I'll do my best to ignore both batches of cider for two or three weeks until they clear. I will then bottle them and give them a little time before sampling. I have not yet decided whether to carbonate the cider or leave it still; I'll think it over....

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Post Options Post Options   Thanks (0) Thanks(0)   Quote TasunkaWitko Quote  Post ReplyReply Direct Link To This Post Posted: 26 September 2016 at 09:40
#2 son got into those batches of cider last year before they were finished - no comment necessary....

Moving on ~

Following a recent visit to her hometown of Cañon City, Colorado, my mother brought back a gallon of natural cider from an orchard there called DiNardo's that has been in operation since she was young. Naturally, I am thinking that this will make some wonderful hard cider, so I went ahead and got some started on 24 September 2016, using Brooklyn Brew Shop's "sweet cider" yeast. I told the boy to stay away from it, on pain of banishment....

There isn't much on the website about the details of the yeast:

Quote Easy-drinking, fruit forward and just a bit lower in alcohol than our dry cider. Our Sweet Hard Cider Refill Pack comes with 3 packets of yeast and 3 packets of no-rinse sanitizer for sweet, bubbly and naturally gluten-free hard cider.


I emailed BBS asking if they could provide a few other details about the yeast; hopefully, I can figure out what I'm dealing with, or close to it.

With EdWort's Apfelwein in mind, I did add some sugar to this cider, hoping to boost the alcohol a bit and perhaps add some sweetness. Afterword, I got to thinking that this might have been a bad idea with this yeast, which is already touted as on the sweet side. I probably should have used Montrachet, since that is the yeast that is prescribed by EdWort's recipe, but too late now, it's done - so we'll see what we end up with.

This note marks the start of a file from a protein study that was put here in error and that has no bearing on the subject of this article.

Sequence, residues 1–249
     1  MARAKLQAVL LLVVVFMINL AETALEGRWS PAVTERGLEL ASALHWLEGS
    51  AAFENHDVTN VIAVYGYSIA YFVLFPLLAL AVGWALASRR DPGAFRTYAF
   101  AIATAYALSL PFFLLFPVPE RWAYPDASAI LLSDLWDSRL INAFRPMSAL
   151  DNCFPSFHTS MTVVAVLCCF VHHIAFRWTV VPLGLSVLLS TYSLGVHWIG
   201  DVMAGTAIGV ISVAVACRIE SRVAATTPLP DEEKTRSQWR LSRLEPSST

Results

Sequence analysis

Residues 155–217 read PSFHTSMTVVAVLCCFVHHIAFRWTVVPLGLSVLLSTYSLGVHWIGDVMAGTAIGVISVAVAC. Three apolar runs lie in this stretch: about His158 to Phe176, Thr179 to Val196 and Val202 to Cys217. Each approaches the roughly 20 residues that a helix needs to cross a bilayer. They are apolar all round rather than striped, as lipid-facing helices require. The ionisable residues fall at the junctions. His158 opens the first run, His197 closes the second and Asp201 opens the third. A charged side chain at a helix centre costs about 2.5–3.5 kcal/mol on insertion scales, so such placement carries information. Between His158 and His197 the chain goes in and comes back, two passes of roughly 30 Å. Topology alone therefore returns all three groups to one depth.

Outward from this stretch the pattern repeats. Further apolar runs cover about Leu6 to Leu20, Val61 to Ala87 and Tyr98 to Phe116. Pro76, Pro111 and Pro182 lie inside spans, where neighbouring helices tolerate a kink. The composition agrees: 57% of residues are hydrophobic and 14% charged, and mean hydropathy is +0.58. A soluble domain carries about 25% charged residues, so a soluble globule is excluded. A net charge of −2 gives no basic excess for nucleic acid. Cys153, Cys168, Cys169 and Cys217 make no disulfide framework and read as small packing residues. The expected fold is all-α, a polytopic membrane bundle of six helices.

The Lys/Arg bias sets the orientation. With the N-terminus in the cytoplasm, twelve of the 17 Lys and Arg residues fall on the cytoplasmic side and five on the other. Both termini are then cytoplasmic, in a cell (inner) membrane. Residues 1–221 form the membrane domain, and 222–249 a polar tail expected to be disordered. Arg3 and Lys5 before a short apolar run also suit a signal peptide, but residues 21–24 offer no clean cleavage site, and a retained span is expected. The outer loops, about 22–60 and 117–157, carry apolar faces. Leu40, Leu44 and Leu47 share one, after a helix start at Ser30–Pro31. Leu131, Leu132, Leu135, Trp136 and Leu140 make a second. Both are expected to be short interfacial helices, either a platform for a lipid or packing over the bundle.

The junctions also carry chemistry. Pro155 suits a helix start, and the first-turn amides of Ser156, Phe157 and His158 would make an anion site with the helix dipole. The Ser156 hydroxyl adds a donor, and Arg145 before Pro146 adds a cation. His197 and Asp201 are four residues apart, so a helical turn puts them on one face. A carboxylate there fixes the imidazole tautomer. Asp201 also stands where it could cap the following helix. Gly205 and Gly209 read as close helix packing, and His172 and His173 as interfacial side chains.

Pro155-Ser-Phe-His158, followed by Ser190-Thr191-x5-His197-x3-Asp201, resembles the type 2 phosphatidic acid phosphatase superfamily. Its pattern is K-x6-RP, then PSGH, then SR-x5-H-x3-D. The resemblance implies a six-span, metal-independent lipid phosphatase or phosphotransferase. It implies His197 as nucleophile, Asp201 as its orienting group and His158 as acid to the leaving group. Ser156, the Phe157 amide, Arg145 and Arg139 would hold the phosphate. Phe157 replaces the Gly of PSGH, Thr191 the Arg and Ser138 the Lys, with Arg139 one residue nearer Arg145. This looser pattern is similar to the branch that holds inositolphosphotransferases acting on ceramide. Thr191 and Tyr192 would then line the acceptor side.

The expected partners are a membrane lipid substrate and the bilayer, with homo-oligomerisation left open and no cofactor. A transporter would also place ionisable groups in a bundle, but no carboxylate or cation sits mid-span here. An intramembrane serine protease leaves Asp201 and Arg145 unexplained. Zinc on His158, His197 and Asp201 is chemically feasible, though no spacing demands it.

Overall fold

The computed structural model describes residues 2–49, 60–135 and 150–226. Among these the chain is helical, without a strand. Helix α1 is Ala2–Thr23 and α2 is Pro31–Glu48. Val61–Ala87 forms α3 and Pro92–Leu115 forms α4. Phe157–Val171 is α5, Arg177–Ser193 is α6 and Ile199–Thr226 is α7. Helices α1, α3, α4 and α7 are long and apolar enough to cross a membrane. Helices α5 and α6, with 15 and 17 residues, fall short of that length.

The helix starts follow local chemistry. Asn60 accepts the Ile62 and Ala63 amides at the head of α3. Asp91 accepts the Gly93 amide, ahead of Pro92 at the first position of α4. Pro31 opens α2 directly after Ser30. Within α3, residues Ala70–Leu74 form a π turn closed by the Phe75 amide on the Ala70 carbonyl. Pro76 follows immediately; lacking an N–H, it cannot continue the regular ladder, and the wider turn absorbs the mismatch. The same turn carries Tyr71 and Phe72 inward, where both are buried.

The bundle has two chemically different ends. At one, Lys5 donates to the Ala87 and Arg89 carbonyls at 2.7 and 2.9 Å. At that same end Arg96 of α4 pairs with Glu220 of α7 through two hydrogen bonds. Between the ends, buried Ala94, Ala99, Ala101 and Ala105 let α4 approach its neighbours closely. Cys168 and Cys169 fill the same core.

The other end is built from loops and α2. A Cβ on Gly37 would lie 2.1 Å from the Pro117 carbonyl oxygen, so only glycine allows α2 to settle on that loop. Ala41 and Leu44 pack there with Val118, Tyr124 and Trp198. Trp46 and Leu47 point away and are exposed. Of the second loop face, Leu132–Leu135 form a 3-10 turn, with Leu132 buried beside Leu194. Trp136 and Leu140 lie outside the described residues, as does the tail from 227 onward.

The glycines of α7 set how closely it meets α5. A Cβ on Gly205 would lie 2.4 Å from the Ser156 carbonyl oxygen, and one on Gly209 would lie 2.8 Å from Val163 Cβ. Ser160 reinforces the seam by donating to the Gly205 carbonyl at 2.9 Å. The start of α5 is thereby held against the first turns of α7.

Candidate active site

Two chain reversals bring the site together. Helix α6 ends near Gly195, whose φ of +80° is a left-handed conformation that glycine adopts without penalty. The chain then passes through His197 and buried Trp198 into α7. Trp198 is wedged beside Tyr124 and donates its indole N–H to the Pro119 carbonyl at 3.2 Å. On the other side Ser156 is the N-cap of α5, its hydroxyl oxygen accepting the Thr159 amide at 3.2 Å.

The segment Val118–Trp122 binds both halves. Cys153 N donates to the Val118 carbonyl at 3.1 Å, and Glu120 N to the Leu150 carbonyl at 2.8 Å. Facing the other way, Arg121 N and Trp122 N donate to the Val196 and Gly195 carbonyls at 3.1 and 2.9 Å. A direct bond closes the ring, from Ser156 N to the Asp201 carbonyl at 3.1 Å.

Needless to say, I most likely won't be carbonating this batch of cider, due to the sugar unknowns and risks of bottle bombs. If it dries out really well, I might give it a shot; but otherwise, no need...I like cider either way.
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Post Options Post Options   Thanks (0) Thanks(0)   Quote TasunkaWitko Quote  Post ReplyReply Direct Link To This Post Posted: 26 September 2016 at 12:40
Alright, I heard back from Brooklyn Brew Shop regarding their "sweet" cider yeast. I understand that they want to keep any proprietary information to themselves, but they did give me some direction, saying that it is an ale yeast that leaves more residual fruitiness, sweetness and body.

I seem to recall hearing similar reports about Nottingham, but I could be wrong. In any case, this should help in deciding how to treat this batch of yeast.

For one thing, it looks like it will be a little sweeter than I intended (I added half a pound of sugar to this 1-gallon batch). Having said that, I recall that the original cider product from DiNardo's is not terribly sweet to begin with, so it might work out just fine. I will most likely not carbonate this cider, due to the added sugar on top of the residual sweetness. This is no big deal, to me, as I like still cider just as much.

I didn't take any OG readings, but I can, of course, check the SG any time and see how "dry" it's getting. I'll probably do that in a couple of weeks, just to see where things are.

Also, since this will be a lower-alcohol cider that is made with ale yeast, I'll assume that it will have a shorter shelf life, measured in weeks rather than months. Instead of aging it for 9 months or a year, I'll enjoy it this autumn and maybe a bit into winter.

Anyway, there it is. Fermentation is really proceeding nicely, in spite of the fact that this yeast expired about a year ago. I had been keeping it refrigerated, so I took a chance on it and tried it, and it is performing like a champ. I'll leave the cider alone for a couple of weeks and see how it turns out.